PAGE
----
“Despite all of that, I still think that today is better than yesterday. We do, though, need to rejuvenate the struggle for non-sexism. We should use Mama Sisulu’s centenary to do that,” Madonsela states.
“Look at us women. We complain that there has been too much done about Mandela rather than about Ma Sisulu, but where have we been? If men are not going to venerate Mama Sisulu, who is stopping us from venerating Mama Sisulu?”
Madonsela feels that it is time for women to re-assert the gender agenda. “For me, it is not really a power issue. It is a responsibility issue because when women’s clout is eroded, women’s authentic voices are also eroded. The whole idea of bringing women into power was twofold. We always said it was their human right to be brought into power, but we also wanted diversified leadership. We wanted the women to bring their voice, to bring the perspective of women.
“We are complaining about violence against women. If you look at the dawn of democracy, the Frene Ginwala generation was equal to the men. They brought things to the agenda. They earned the respect of their male counterparts.
“For example, many laws were brought in to deal with violence against women. There was a gender action plan against violence, but the key was monitoring. If you look at what is happening now, there is not enough monitoring of gender issues,” she explains.
“The Frene Ginwala generation also came up with numbers for government. We were supposed to achieve 50 per cent by 2005. We were almost at 50 per cent of women in senior positions such as director and upwards in government. Now we have regressed and the numbers have declined.
“I would like to hear women more than see them. Even now, I am not hearing them. I am seeing them.”
Humanist not Feminist
Madonsela says that she prefers to see herself as a humanist rather than as a feminist. “All of the issues, whether they be race or gender or inequality, should be integrated. There is a campaign for all of us to be feminist, but I prefer that we should all be humanist.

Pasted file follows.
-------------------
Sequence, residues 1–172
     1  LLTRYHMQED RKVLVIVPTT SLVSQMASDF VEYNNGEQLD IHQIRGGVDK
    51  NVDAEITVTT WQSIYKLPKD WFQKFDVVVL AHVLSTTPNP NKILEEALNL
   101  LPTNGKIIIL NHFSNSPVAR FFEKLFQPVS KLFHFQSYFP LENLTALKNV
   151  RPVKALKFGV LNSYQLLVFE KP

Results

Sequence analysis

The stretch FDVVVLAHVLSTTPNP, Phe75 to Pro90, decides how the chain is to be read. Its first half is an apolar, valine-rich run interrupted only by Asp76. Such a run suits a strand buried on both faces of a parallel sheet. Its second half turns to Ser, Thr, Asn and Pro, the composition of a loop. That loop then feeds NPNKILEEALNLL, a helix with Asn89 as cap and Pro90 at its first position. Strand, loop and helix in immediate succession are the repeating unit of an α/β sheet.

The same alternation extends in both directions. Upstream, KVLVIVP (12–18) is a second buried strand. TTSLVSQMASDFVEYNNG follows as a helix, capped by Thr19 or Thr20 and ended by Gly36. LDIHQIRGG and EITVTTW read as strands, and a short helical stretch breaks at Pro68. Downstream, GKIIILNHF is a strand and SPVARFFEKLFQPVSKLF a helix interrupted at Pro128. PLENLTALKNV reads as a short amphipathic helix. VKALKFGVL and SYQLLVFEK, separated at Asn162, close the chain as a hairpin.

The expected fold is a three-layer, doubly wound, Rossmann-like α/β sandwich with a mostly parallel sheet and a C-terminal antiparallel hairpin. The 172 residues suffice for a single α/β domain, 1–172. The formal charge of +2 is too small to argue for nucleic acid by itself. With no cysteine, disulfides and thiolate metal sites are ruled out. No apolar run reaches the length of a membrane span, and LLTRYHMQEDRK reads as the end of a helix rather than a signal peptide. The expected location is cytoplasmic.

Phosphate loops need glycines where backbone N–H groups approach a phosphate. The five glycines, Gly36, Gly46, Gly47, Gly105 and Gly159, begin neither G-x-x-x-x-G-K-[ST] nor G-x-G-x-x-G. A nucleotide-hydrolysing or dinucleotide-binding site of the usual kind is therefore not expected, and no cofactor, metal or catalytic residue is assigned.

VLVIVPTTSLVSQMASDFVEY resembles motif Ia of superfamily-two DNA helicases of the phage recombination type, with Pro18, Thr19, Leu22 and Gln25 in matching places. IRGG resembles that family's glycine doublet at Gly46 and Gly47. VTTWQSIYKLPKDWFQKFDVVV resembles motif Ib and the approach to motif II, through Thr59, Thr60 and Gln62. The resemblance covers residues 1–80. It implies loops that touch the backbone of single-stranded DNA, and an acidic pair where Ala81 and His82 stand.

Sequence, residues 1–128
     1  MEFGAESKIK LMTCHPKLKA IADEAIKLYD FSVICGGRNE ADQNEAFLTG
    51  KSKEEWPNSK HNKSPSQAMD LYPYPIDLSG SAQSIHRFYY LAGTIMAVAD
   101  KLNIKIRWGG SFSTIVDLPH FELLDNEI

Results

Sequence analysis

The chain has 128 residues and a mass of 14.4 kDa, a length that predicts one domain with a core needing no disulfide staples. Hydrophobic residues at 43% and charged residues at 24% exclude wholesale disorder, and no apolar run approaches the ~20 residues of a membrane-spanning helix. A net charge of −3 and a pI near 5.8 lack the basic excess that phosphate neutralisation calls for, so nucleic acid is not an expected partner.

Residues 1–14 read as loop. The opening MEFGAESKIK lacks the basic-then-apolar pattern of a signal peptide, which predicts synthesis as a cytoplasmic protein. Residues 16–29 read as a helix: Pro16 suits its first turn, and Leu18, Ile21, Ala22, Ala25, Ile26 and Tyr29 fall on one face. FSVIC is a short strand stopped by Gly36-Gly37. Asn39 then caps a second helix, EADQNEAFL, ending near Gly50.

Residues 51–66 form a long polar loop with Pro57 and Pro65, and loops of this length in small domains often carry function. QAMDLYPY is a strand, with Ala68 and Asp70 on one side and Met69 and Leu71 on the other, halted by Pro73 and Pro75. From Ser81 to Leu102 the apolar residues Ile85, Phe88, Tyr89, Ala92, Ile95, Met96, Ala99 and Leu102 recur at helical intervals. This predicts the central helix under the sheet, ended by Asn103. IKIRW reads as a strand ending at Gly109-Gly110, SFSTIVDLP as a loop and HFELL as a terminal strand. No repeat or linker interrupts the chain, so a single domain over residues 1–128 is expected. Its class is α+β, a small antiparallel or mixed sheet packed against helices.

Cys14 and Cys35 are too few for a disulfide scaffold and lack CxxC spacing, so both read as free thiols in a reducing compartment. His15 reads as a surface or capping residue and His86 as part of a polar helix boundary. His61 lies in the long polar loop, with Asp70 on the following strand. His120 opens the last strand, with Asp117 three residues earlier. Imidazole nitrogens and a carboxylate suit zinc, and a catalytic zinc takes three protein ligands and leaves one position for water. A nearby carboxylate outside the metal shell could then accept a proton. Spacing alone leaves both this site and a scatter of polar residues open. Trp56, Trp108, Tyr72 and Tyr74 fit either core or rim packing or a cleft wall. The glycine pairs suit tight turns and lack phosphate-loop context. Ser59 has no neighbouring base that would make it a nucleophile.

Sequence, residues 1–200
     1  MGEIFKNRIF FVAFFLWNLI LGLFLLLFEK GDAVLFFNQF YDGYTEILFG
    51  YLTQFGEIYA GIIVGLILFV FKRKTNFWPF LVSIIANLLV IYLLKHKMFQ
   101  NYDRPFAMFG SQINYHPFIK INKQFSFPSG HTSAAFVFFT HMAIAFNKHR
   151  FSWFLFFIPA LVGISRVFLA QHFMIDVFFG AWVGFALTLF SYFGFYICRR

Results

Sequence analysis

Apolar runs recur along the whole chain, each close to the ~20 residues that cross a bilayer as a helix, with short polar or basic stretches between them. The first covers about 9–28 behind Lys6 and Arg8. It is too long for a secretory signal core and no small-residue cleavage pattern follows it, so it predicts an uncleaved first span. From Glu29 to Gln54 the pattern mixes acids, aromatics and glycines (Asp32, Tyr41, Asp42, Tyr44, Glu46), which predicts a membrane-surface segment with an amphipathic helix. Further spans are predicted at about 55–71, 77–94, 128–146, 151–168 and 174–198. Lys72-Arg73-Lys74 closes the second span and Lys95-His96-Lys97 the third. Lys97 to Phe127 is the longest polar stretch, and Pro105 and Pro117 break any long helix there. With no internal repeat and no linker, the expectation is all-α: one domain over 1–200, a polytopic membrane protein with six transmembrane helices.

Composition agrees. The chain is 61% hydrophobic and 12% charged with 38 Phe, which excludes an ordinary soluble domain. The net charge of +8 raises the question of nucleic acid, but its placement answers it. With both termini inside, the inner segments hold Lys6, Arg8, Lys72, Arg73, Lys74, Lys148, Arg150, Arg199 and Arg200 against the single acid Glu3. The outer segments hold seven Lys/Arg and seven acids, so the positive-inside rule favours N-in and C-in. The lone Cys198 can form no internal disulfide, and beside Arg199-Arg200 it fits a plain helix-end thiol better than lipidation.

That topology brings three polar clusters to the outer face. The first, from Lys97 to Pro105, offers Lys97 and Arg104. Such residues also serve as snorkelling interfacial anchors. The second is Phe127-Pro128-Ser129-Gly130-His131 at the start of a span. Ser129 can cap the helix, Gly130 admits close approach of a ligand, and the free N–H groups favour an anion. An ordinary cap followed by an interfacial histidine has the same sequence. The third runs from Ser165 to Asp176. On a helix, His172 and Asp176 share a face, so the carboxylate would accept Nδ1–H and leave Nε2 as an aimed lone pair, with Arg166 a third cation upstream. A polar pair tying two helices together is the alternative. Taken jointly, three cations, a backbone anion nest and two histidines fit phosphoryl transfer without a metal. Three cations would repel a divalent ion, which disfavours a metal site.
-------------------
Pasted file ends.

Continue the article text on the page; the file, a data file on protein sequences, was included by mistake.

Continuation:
“As long as we leave room for somebody to be discriminated against, we are allowing the mindset that all humans are equal, but some are more equal than others. I want an approach where, if I am a woman, I should use my power and privilege to advance social justice for everyone and to create space for people to speak in their own voices, whether they be the LGBTI community, or people discriminated against on the grounds of nationality or age or religion. We should have a ‘justice beyond just us’ approach,” she claims.
Madonsela says she celebrates women who uplifted other women. “These are the women who have seen their ascendancy to power as a mission to create a better world, not just as a way of lifting themselves up and getting more money and privileges.
“I celebrate women who stood for a principle and were prepared to face the consequences. Also, women who embrace the humanity of everyone — men and women. My contemporaries and I stand on the shoulders of those women. These are women who carried themselves like grace under fire, and they earned our respect.”